Which doesn’t mean that I’m opposed to doing it in other media, just that we’re not chasing that as an option. If we make the right deal, terrific, but if the right deal isn’t out there, that’s not a problem.

I can see advantages and disadvantages to animation—the stories are so much about humanity that it’d be nice to have real faces, nuanced acting, for one. Much as I think cartoons like Batman the Animated Series and Justice League Unlimited were done well, I’m not sure that’s the best way to go with something like Astro City.

But what do I know? In the end, we’ll see what develops. But for the moment, at least, the deal we’re currently in the middle of is for live action.

From BILL:

I haven’t written to a comic book writer since I was, well, younger. A lot younger. Like “I think Jimmy Carter was President” younger. But I wanted to comment on a few things.

First, thanks for the Breaking In Without Rules article. I think the road map idea is appealing because it implies that if I do x and y, I will get result z. (I suck at math, so no complex formulas from me.) It’s daunting and disheartening to think that you can bust your butt and still not get anywhere. Of course, the same can be said of virtually every dream, whether to be an NBA player, a TV celebrity, or US President. I want to be a writer. No, check that, I am a writer. I am just a part-time, wedge-it-into-my-life-when-I-can writer. There are worse fates. At one point, I thought I could write comic books, but it’s a very different delivery medium from books and short stories.

Second, I love Astro City! I came to the comic fairly late, purely by accident. (I bought the comics, then had to buy the trade paperbacks because my ex-wife tossed the comics. Yeah, it’s a whole “thing.”) I most admire the way you captured what it feels like to be an average person around superheroes, but not in the “Tales of Jimmy Olsen” way. Whether Olsen, Lois Lane, Mary Jane Parker/Watson, etc., it’s always seemed that writers turn average people into archetypes (Hot Girlfriend, Devoted Pal, etc.) Your ordinary people feel ordinary, which is extraordinarily hard to do. (Okay, that made way more sense inside my head.)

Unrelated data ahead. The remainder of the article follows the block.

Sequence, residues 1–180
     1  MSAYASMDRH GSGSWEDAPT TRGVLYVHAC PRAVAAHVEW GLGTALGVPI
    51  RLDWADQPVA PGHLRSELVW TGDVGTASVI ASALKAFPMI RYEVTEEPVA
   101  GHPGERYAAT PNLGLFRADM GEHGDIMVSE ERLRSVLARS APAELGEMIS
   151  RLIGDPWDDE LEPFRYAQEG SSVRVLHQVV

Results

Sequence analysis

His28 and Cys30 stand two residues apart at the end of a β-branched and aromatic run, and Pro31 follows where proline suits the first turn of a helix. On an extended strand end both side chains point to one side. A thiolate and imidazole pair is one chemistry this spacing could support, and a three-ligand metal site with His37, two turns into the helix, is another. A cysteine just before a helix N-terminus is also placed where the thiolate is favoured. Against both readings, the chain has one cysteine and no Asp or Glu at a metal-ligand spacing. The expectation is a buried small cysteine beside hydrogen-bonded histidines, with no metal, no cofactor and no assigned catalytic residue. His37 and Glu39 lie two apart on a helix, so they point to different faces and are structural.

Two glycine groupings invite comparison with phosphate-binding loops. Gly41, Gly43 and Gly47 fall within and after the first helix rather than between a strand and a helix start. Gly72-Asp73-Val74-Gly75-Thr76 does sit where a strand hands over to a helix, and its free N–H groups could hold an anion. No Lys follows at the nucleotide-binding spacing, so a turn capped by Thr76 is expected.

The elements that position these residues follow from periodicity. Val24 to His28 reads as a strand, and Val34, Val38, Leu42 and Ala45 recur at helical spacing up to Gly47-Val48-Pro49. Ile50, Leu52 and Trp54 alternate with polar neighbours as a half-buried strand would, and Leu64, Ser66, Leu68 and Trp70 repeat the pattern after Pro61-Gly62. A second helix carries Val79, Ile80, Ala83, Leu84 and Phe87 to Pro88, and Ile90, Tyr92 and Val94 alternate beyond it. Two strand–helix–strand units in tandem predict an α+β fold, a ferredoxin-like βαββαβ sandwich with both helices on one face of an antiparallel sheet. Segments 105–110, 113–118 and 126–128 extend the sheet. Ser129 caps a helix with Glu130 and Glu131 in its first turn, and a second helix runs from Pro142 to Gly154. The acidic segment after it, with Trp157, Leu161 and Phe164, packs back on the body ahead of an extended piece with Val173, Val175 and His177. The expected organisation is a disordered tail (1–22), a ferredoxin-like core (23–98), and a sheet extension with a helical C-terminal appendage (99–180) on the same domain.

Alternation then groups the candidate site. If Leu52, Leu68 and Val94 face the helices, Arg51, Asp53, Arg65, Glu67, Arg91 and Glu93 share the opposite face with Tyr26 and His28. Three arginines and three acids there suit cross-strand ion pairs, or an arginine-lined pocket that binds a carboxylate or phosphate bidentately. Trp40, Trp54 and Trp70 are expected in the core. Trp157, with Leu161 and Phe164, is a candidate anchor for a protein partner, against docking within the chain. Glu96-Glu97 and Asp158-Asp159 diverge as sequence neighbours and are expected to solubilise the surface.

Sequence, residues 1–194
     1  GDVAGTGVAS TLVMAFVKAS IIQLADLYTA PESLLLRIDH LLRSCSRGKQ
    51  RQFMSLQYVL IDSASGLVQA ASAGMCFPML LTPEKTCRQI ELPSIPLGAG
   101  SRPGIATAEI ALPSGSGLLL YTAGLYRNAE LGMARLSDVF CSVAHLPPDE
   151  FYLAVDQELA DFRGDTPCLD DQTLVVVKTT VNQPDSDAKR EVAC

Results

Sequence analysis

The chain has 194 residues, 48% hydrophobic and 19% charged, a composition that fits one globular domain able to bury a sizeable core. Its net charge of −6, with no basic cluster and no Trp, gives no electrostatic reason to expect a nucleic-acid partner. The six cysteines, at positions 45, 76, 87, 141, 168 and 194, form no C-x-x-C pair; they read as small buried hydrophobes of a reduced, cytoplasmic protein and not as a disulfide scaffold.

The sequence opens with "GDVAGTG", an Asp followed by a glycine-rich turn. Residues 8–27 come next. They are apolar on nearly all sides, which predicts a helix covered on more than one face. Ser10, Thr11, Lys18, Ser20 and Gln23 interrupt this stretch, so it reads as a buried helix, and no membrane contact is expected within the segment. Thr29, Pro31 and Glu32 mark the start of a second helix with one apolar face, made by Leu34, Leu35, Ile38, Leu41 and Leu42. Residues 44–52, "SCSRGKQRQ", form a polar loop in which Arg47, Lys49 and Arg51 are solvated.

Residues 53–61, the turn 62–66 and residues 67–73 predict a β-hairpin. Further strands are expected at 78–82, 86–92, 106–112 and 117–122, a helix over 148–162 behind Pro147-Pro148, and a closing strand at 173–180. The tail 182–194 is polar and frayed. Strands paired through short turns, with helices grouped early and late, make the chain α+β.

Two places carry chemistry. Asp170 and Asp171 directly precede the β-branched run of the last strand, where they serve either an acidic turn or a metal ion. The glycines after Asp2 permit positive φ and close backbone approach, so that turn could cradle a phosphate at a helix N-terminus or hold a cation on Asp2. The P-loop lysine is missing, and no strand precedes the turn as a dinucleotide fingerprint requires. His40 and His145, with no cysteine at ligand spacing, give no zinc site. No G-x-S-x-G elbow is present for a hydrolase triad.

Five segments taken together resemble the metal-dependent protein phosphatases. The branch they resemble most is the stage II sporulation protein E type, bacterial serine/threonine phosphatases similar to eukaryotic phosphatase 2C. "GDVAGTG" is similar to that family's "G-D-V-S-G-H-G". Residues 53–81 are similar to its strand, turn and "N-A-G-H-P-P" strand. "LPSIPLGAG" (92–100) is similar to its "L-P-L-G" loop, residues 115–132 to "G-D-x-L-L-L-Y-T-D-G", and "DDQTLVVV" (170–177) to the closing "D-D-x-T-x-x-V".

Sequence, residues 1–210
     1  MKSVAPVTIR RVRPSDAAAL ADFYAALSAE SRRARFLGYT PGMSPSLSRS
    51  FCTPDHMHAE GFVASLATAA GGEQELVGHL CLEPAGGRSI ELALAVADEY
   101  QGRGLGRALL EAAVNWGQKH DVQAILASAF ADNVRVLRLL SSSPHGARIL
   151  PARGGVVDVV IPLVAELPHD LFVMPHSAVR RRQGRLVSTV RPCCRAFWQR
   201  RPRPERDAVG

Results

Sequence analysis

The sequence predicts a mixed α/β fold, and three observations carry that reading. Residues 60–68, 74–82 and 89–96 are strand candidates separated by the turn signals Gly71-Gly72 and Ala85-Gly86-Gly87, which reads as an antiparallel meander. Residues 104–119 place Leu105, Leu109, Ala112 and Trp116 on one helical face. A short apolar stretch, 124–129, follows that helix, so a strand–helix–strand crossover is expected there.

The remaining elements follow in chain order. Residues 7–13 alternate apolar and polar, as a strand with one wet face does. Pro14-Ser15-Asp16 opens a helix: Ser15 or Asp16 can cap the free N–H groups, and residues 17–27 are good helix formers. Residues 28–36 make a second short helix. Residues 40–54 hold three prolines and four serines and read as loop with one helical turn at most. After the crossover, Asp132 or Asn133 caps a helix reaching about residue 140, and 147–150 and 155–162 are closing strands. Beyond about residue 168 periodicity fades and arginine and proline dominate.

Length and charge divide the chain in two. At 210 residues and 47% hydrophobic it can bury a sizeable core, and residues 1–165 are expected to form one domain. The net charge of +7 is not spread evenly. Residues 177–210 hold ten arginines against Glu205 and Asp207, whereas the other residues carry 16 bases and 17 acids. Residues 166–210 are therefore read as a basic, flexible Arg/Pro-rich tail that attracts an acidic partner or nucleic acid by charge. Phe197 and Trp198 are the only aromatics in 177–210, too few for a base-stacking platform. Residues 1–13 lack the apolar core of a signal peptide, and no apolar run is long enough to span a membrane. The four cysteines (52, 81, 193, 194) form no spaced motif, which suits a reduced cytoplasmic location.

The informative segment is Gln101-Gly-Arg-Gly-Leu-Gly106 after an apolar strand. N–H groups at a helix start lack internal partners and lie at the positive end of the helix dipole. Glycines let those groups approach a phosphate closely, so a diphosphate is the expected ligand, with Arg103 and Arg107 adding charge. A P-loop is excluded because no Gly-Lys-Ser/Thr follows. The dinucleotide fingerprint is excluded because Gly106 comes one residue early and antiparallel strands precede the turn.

Anyway, thanks for your work, and thanks for your time.

P.S. Having said all that, I have this killer idea for an Astro City book.

Just kidding.


Heh. Thanks for the very kind words, Bill. Hope you like what’s coming as much as you like what you’ve read so far!

And lastly, from ERIC:

Hi, Sir,

Any updates on Astro City?

Yep! #3 comes out in a month!

And when it does, we’ll have another column here, with comments on the new #1. And probably this’n’that in-between, so don’t be a stranger!

2 thoughts on “Astro City Lettercol – July 2013

  1. Jericho was only mute, not deaf; his disability was due to someone slashing his throat and damaging his vocal cords. His power somewhat overcame the disability, as bodies he possessed could talk, albeit in the style and vernacular of the host rather than Jericho (I think Jericho only controlled the content when the host was unconscious when possessed).

    The Chief, from the Doom Patrol, didn’t have any powers per se, but was in a (occasionally tricked out and armed) wheelchair. John Byrne’s explanation of Namor’s volatile mental state was tied into his powers; if he stayed on either land or in water for too long, an oxygen imbalance built up and affected his brain. Depending on how he’s being written, the Hulk is mentally handicapped and is an example of Banner’s multiple personality disorder. Cyborg is disabled but his parts appear to make up for disabilities other than appearance.